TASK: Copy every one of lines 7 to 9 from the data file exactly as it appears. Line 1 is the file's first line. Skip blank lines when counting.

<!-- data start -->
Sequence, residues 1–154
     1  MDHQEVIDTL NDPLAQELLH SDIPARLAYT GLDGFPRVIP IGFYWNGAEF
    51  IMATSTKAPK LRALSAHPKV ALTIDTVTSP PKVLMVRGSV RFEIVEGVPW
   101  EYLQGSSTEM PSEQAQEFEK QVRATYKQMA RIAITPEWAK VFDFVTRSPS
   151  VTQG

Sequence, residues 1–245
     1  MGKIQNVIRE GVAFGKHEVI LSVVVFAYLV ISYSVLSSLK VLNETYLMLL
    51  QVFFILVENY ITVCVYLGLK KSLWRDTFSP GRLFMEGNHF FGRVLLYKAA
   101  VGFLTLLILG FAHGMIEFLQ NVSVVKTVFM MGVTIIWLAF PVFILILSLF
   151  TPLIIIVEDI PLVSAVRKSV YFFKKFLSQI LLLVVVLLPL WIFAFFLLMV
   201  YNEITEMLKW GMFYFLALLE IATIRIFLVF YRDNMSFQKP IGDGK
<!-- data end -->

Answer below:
     1  MGKIQNVIRE GVAFGKHEVI LSVVVFAYLV ISYSVLSSLK VLNETYLMLL
    51  QVFFILVENY ITVCVYLGLK KSLWRDTFSP GRLFMEGNHF FGRVLLYKAA
   101  VGFLTLLILG FAHGMIEFLQ NVSVVKTVFM MGVTIIWLAF PVFILILSLF